Cape Town – It is said that a big task is like an elephant. And the only way to finish it is to eat it piece by piece.

A group of South African botanical taxonomists are slowly and systematically revising a plant group that was last looked at nearly 100 years ago – and it is a big task.

According to South African National Biodiversity Institute (SANBI) plant taxonomist Dr Marianne le Roux the southern African species of Thesium was last revised in 1925, almost 100 years ago and therefore the available information is old and out of date.

The SANBI 2015 ‘Strategy for plant taxonomic research in South Africa’ described the need for the revision as “urgent”. Le Roux says the available taxonomic information does not reflect information collected after 1925 – particularly from expanded collections.

This makes identification more difficult, where 47 species (26% of Thesium species in South Africa) are data deficient due to taxonomic problems and hence their conservation statuses cannot be determined.

To address the challenge two papers were recently published in Bothalia, African Biodiversity & Conservation and the South African Journal of Botany respectively – the studies were partially funded by the Foundational Biodiversity Information Programme (FBIP).

The Bothalia paper set out to revise the Thesium confine species complex – a complex comprising three species (Thesium durum, Thesium confine, and Thesium spartioides).

The paper ‘synonymised’ Thesium spartioides under Thesium confine, while T. durum was retained as a separate species.

The second paper (South African Journal of Botany) dealing with the Thesium goetzeanum species complex revealed that only 9 species (including a new species) should be recognised instead of 16.

Economic importance

Out of the 350 species in the genus Thesium, 23 species (17 from Africa and six from Asia) have traditional and contemporary uses including medicine, functional foods and beverages, charms, crafts, functional feeds, fodders and fertilizers.

Le Roux says two Asian species (T. chinense and T. longifolium) are included in patented food and medicinal products. However, there has not been any commercialisation of products in South Africa yet.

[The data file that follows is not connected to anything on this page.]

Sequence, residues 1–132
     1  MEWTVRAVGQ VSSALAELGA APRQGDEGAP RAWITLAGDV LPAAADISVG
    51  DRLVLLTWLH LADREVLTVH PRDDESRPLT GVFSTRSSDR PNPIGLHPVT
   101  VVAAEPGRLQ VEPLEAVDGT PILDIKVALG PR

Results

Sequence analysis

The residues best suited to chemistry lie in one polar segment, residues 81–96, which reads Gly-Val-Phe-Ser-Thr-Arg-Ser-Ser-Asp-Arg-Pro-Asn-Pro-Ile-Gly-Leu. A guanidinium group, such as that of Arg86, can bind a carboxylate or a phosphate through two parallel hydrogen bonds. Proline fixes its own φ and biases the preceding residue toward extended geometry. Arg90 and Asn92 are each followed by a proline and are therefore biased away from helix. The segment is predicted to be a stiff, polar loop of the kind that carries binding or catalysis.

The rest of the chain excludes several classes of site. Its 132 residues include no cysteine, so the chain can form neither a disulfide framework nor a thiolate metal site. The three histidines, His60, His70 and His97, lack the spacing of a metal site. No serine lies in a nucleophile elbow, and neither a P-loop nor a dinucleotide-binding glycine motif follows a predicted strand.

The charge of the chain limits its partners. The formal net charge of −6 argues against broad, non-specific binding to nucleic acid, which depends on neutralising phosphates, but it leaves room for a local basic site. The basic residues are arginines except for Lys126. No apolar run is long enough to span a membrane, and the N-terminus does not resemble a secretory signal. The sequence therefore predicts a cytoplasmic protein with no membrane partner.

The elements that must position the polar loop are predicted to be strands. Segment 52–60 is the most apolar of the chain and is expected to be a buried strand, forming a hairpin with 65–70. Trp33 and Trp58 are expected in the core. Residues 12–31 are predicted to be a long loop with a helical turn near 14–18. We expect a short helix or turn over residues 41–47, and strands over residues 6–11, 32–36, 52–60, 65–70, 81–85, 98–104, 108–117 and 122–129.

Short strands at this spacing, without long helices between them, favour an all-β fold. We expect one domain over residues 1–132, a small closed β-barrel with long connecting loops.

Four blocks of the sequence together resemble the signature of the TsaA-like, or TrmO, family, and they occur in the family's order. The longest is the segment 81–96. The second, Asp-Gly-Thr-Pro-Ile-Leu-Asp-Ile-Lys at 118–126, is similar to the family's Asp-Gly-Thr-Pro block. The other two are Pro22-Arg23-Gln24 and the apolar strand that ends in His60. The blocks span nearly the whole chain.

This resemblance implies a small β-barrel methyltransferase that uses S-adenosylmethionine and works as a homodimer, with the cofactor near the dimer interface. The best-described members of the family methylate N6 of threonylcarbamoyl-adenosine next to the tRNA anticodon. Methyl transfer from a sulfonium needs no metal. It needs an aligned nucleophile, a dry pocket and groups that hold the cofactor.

“The conservation status of the majority of species in South Africa is Least Concern but two species have not been evaluated, two are categorised as Rare, three as Vulnerable, one as Endangered, one as Critically Endangered, six as Data Deficient due to insufficient information and 47 as Data Deficient due to taxonomic problems,” Le Roux says.

Conservation efforts

By studying these species taxonomically, says Le Roux, we learn how diverse the species are in South Africa by making sure that all the species have formally recognised names.

“A taxonomic study also helps to determine how to identify the species using morphological characters. As a result of this work, we can identify collections and observations more accurately and determine the distribution ranges of species,” she says.

Once Le Roux and her team have all of this information available, conservationists can use it to determine what the conservation status of the different species and whether they are in need of conservation efforts.

Sustainable commercialisation

The information also provides a platform for other scientists to conduct related studies, for example to determine what the role of these species are within an ecosystem, how they are pollinated and how they interact with other living organisms.

“We know that these plants are hemi-parasites but we haven’t determined what they parasitise, although there is some indication that they mainly grow on grasses in the summer rainfall region,” says Le Roux.

Each organism plays an important role within an ecosystem, even if we do not fully understand each organism’s role or function yet, and it is important to maintain healthy ecosystems because they benefit society through the maintenance of ecological infrastructure.

Le Roux says the study may also benefit society if we can determine how to sustainably commercialise some of the species with known uses and look for close relatives that may have a similar characteristics that allow their use.

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